Apple has unveiled its new eight-inch square G4 PowerMac Cube as part of an overhaul of much of its product range.
At yesterday's Macworld Expo show in New York, chief executive Steve Jobs also announced that Apple had overhauled its range of G4-chip powered PowerMacs to feature dual processors, and has slashed the entry-level price of its latest iMac range. The machine will cost £649 including VAT in the UK.
Also making their debuts at the show were three new screen displays, and a new optical mouse and keyboard. A public beta of Apple's latest OS X operating system will be made available in September ahead of a rollout early next year, and gaming deals and a new version of its Imovie2 movie-editing application were unveiled.
However, yesterday's show-stopper was the G4 PowerMac Cube. It goes on sale in the UK next month, priced at £1249 excluding VAT.
The Cube includes a 450Mhz G4 chip with 64Mb of memory (scalable to 1.5Gb) and boasts a 20Gb hard drive (scalable to 40Gb), a DVD player and an array of I/O capability including Firewire and Airport wireless connectivity.
As with all new Macs from today, the Cube comes with Apple's latest optical mouse and redesigned Pro keyboard as standard. A 500Mhz model will also be available in the UK from next month, priced at £1599 excluding VAT.
Jobs gave details of the company's first dual-chip powered PowerMacs. Both the 450Mhz and 500Mhz models have two chips, significantly increasing processing power. In a live test during his presentation, Jobs set the new top-end PowerMac with a dual 500Mhz chip against a PIII 1Ghz Pentium-powered PC.
Each was given a file created in graphics package Adobe Photoshop that contained the design of a poster for the movie Inspector Gadget to reproduce on screen. It took the new PowerMac 61 seconds; the PIII 1Ghz took 124 seconds.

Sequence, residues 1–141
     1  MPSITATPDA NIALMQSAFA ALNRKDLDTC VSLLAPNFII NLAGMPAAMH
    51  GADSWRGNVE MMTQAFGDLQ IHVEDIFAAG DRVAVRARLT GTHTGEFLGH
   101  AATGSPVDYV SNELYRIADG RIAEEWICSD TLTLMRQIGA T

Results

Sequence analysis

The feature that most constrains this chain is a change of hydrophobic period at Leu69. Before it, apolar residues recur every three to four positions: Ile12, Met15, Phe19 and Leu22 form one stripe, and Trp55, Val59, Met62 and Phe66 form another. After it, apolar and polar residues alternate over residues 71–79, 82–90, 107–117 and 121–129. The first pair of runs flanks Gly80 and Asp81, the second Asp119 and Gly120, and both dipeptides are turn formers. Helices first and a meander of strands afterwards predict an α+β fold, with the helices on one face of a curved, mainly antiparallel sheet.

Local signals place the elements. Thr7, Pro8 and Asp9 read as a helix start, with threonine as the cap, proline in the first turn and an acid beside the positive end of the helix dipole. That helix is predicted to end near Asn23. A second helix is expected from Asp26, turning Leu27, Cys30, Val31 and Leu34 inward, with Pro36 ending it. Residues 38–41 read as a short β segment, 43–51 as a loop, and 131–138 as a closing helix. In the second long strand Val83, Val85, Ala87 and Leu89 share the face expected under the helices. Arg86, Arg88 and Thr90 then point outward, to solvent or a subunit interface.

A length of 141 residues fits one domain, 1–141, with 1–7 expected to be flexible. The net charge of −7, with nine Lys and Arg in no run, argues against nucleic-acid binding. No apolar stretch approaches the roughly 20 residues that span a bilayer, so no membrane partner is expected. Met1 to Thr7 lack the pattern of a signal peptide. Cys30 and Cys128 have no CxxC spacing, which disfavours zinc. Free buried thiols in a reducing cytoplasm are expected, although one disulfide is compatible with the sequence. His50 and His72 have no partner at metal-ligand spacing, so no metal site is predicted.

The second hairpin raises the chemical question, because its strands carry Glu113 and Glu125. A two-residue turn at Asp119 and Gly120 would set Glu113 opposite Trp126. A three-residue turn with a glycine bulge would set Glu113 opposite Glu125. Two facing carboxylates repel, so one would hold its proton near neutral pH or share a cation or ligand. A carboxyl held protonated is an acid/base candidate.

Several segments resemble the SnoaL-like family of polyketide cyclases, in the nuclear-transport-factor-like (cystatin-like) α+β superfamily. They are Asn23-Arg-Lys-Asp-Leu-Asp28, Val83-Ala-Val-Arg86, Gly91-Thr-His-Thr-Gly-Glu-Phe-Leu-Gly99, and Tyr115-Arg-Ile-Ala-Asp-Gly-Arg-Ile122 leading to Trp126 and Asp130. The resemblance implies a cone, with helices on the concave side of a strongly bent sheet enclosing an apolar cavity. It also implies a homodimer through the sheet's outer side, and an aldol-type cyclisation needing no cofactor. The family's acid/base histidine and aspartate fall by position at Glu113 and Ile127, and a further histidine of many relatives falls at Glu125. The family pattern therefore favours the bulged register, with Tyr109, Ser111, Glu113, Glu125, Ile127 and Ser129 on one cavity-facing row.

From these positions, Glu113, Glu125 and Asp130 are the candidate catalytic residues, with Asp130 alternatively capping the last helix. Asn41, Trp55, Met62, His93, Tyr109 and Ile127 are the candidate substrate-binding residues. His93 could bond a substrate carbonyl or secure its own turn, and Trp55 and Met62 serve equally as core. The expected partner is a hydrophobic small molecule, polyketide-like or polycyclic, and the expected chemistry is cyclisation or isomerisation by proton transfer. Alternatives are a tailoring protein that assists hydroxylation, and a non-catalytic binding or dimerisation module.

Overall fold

The PowerMac machines come with built-in Gigabit Ethernet connections, speeding up processing power over network - vital for the graphic and video designers who make up Apple's core user base. The machines can now be ordered in the US. Prices have been frozen at previous levels.
New colours and features at aggressive price points were the themes behind the changes to apple's iMac range. Jobs said 3.7 million iMacs have been sold since its launch two years ago. He said the new iMacs were "the best internet appliances".
The new models come in indigo, ruby, sage, graphite and snow shades, although only some colours are available for the cheaper models. Prices range from an entry-level machine (indigo) at £649 including VAT to a high-end version (graphite and snow) at £1199 including VAT. All models are available now, except for the £649 model, which is due out in September.
On Tuesday Apple reported higher third quarter sales and operating earnings, but said its net profit fell marginally from $203m to $200m because of higher investment gains a year earlier.
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